It has been so long past the point of its invention, you would be forgiven for not knowing. It is said the best come but once in a lifetime, and never the like are seen again. And in the context of British aeronautical engineering, nobody has. Reginald Joseph Mitchell was someone who didn’t let the fact that they were working for an untrusted company deter them from revolutionising such a specialist industry. He was someone who tragically died refusing to take rest from his work to battle his cancer. Mitchell’s ‘work’ was something that this country needed so badly on the dawn of the Second World War and an aeroplane that would forever be cemented to the hearts of the British people – the Spitfire.
The Supermarine Aviation Works were almost considered a third rate aircraft firm throughout the 1930s-40s – its reputation sealed by their inability to produce quality specified aircraft within guaranteed time frames. That ended when Mitchell was recruited. His work ethic and refusal to be bound by convention was perhaps best described by his own words: ‘It is not good enough to follow up on conventional methods of design. It is essential to break new grounds and invent and involve new ideas’. From this ethos arose his revolutionary “Type 300” (serial no. K5054), mated with the legendary powerplant that would play such an enormous role throughout the Second World War – the Rolls Royce Merlin. It was a strikingly beautiful and unusually curvacious machine, resembling more of a racer than a fighter, and was a demonstration of Mitchell carrying forward what he’d learned from his Supermarine ‘S’ series of race winning seaplanes. In this day and age, test flights for new aeroplanes are several hours long, and then this is followed by years of certification before service. But it only took Supermarine test pilot Joseph ‘Mutt’ Summers a mere eight minutes to decide that the Type 300 was perfect. ‘Don’t touch anything’ he demanded upon his return.
The British Air Ministry was immediately convinced that the new all-metal fighter was two years ahead of its competitors – some of which were still wood and canvas biplanes. They had decided this would be their frontline fighter, but were yet to conceive a name for it. ‘Shew’ and ‘Shrike’ were popular, since Supermarine believed the name should begin with an ‘S’ and sound venomous. But the name Spitfire had somehow also slipped through, and would be formally adopted. 310 were ordered and Supermarine had gone from a lower class aircraft manufacturer to producing what would be the mainstay of Great Britain’s air defence.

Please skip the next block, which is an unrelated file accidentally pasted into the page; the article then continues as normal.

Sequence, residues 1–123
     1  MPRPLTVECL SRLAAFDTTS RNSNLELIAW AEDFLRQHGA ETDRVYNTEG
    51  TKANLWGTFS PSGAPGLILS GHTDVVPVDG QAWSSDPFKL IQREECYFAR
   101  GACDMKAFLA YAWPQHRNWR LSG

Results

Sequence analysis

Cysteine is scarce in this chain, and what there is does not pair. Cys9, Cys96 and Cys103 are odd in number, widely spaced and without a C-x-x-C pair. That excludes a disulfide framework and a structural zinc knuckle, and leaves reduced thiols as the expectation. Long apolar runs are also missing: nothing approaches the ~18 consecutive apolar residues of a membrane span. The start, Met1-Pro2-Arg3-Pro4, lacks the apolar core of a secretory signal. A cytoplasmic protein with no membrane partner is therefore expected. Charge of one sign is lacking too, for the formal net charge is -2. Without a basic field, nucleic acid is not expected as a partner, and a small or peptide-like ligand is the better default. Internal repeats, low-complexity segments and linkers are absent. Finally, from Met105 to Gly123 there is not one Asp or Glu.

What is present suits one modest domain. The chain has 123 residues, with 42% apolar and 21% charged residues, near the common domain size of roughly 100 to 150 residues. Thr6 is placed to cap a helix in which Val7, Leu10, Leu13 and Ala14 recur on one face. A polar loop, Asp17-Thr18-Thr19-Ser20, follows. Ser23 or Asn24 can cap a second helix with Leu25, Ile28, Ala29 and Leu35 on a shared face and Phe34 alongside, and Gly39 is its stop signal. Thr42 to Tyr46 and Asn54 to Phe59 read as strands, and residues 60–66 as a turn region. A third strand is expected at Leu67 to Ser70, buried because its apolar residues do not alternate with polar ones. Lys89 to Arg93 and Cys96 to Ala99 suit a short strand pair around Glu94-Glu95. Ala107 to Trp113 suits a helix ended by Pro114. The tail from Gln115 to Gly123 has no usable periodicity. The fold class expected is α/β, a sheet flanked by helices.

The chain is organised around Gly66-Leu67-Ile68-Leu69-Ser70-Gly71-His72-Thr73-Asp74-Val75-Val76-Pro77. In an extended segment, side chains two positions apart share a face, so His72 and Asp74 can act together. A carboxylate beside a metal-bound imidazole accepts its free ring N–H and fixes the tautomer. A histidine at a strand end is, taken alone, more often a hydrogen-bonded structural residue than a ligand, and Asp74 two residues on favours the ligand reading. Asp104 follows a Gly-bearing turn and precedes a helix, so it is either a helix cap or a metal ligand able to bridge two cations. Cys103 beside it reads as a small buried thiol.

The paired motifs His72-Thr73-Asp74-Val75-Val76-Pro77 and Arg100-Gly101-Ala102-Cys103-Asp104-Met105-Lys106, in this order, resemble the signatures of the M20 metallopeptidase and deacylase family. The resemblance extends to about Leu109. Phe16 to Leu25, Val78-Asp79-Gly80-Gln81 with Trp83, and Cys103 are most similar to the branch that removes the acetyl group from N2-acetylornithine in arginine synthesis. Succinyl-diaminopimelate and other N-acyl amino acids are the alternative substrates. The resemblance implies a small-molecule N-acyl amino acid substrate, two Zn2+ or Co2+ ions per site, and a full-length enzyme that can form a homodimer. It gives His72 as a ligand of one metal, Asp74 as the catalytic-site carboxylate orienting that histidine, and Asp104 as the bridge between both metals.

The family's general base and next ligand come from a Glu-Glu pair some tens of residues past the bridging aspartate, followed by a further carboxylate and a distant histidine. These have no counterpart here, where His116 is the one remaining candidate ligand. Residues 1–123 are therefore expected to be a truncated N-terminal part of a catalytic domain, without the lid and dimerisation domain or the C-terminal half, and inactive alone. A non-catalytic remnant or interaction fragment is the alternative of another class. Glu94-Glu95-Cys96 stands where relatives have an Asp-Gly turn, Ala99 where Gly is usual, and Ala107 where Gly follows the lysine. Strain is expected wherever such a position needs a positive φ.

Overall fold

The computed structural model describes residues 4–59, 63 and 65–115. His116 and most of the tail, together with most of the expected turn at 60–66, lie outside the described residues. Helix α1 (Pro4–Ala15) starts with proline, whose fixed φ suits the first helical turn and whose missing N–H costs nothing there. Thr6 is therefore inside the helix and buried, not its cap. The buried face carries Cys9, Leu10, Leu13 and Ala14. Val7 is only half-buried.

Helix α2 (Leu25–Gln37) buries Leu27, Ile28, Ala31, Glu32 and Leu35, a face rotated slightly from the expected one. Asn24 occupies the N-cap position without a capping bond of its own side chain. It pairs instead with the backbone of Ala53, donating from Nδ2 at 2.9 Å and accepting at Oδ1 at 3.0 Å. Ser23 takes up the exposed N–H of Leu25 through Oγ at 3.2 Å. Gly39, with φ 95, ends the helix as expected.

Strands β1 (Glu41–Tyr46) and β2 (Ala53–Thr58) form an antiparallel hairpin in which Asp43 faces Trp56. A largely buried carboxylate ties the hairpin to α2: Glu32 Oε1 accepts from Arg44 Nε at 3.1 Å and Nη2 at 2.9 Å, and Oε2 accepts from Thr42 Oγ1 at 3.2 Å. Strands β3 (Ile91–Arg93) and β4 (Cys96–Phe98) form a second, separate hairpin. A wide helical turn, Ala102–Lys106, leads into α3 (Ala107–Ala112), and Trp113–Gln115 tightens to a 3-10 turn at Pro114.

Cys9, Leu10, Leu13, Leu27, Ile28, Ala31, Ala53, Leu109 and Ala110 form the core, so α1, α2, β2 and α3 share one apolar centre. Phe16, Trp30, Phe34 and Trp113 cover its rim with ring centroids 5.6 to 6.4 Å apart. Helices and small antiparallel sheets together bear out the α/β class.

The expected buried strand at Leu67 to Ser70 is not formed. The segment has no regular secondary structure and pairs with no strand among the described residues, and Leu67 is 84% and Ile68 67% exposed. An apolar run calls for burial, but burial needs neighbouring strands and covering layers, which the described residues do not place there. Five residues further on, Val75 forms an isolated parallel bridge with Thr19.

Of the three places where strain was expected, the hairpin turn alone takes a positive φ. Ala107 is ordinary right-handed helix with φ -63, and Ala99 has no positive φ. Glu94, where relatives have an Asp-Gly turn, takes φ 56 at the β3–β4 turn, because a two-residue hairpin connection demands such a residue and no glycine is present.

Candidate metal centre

Mitchell could only just process this thought before he became ill. His bowel cancer was taking its toll on him, until he lost his battle altogether. His determination to see the Spitfire off the drawing board, as well as his refusal to rest, hastened his end. Mitchell would never live to see his creation go into RAF service. More tragically, he would never live to see what his fledgling would become to the nation – not just through its illustrious service during the Battle of Britain and the rest of the Second World War, but also nearly a century later. Even today, the Spitfire still holds the maximum speed (Mach 0.96) and altitude (51000ft) records ever to have been achieved with a propeller-driven aircraft – over 70 years ago. The Spitfire went on to develop into 24 different variants through ten years of production – the very last being over 100 miles per hour faster, climbing 80 per cent better and weighing twice as much as the first. It started with a two-blade propeller, going through two, three, four, five, and even six. The famous elliptical wing envisaged by Mitchell would remain almost entirely to the last variant – there was simply no better alternative. It only adds to the testament of Mitchell’s brilliant design, which he worked against his health to perfect. His legacy lives on, with the Spitfire enshrined as a household name, more often than not greeted with a smile of understanding.
Parallels can be drawn between individuals like Alan Turing and Mitchell. It would be natural to expect them to become household names for their work, but they are only regular thoughts in the minds of enthusiasts. Today, in the light of various political movements, people are likely to wonder if there is anything or anyone from the past to be proud of. We have all heard of the ‘Few’, but Mitchell was the first to exude that spirit and determination of the aircrew who succeeded him in the Battle of Britain and beyond. It is almost unfair that he was never decorated by the British government, or even remembered or recognised by people today. In an age of confusion and lack of direction for the future, I feel it is compulsory that people learn about the single aircraft designer who gave his tomorrow for our today.